Office visit: varies depending on your vet, with an emergency veterinary clinic often costing much more.
Antibiotics: medication can range in price from $25–$100 or even more, depending on the type of antibiotic needed, the length of treatment, and the size of your dog (the larger the dog, the more expensive the medication).
Tests: a urinalysis can run anywhere from $25–$75 depending on your location, veterinarian, and how the urine is collected. A urine culture typically costs between $100-$200.
Recovery time depends on the severity of the infection. Most cases clear up pretty quickly without any complications once treatment begins, but in other situations it may take longer.
The following tips can assist in recovery:
Provide access to fresh, clean water and a diet that includes wet food (which contributes to overall water intake).
Administer medication on schedule and ensure your pup is getting the full dose as prescribed. Do not stop medication even if your dog is showing signs of improvement; it’s absolutely critical that you administer the entire course of medication exactly as directed.
Ensure your dog is taken outside regularly to urinate: “holding it in” for too long on a regular basis can contribute to, or worsen, UTIs.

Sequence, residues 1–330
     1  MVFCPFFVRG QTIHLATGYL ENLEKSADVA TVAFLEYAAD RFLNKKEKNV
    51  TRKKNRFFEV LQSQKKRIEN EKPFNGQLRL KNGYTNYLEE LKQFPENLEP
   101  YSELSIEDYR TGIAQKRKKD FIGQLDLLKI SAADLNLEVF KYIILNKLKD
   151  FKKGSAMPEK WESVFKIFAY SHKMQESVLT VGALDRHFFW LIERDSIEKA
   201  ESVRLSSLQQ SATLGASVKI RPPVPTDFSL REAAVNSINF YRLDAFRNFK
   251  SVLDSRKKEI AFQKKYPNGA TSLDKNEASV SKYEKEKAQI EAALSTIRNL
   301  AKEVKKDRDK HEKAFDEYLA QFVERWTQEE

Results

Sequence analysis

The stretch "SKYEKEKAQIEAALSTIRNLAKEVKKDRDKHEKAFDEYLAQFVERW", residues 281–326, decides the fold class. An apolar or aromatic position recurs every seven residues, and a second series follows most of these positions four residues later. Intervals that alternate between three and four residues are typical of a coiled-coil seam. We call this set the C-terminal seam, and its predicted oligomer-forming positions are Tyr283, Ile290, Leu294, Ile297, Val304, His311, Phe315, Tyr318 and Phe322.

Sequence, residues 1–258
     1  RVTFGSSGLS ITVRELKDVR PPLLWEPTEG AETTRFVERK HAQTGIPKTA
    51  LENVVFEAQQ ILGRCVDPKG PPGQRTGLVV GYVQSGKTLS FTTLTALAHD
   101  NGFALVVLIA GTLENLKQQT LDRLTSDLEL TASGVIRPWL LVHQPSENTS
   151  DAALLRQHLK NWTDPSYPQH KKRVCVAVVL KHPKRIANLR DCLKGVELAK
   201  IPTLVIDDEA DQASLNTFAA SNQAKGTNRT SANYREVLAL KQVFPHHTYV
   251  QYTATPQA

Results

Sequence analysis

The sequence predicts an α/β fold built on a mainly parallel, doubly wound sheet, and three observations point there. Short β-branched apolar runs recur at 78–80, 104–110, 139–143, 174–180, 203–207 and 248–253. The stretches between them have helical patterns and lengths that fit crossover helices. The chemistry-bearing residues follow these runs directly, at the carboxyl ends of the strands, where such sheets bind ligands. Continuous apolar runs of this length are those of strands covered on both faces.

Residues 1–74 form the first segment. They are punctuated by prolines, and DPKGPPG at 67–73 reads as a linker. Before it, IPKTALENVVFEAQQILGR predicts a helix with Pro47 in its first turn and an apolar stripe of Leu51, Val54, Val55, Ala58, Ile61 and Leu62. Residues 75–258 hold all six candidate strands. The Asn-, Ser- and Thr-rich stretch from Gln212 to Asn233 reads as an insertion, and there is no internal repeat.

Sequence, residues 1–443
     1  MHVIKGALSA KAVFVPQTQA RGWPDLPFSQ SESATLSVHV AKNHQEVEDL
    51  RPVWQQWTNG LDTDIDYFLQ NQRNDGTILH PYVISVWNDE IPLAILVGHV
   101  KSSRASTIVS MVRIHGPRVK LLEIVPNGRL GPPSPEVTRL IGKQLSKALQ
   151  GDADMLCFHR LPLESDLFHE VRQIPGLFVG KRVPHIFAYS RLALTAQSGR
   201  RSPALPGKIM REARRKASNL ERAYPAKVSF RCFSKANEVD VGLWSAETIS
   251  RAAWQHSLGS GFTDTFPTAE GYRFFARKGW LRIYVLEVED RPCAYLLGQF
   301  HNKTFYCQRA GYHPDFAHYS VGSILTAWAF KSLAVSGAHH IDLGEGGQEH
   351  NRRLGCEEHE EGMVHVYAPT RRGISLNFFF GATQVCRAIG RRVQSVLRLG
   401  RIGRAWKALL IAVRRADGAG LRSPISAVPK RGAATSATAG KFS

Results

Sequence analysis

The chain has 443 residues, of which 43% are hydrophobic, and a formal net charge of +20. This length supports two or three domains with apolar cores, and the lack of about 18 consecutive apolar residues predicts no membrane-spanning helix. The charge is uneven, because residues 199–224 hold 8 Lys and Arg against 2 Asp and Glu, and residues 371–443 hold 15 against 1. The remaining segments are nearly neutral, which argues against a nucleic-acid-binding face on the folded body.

Keep an eye on your dog’s behavior. If there is no improvement after 48 hours of starting treatment, contact your vet.
UTIs in dogs are highly preventable. In order to minimize your dog’s risk of contracting a urinary tract infection, take the following steps:
Provide fresh, clean water every day. Drinking clean water helps to flush away any bacteria that has accumulated in the urinary tract.
Routine grooming, especially around the urinary opening, and regular bathing can help prevent bacteria from entering the urinary system. Keep the area clean and free of debris, scratches, etc.
Provide plenty of opportunities for your dog to go outside for a pee break. It’s not good for dogs to hold urine in for very long periods of time.
Feed your dog a healthy, well-balanced diet.
Probiotic supplements can build up the growth of healthy bacteria in a dog’s body.
Vitamin C helps strengthen the immune system. (However, large doses of vitamin C can alter the pH of urine and predispose your dog to forming bladder stones, so consult with your veterinarian first.)
Regular vet check-ups can identify problems before they get serious.
Is There a Vaccine for UTIs?
There is no vaccine for urinary tract infections.
Urinary tract infections are fairly common in dogs, but may not show any symptoms. If symptoms do occur, they often include frequent urination, passing little urine, and increased thirst. It’s important to treat a UTI as soon as possible, as they can lead to complications such as kidney infections or failure, and are very uncomfortable for your dog! Providing plenty of clean drinking water and frequent pee breaks, as well as keeping an eye on your dog’s overall health with regular check-ups, can help prevent UTIs.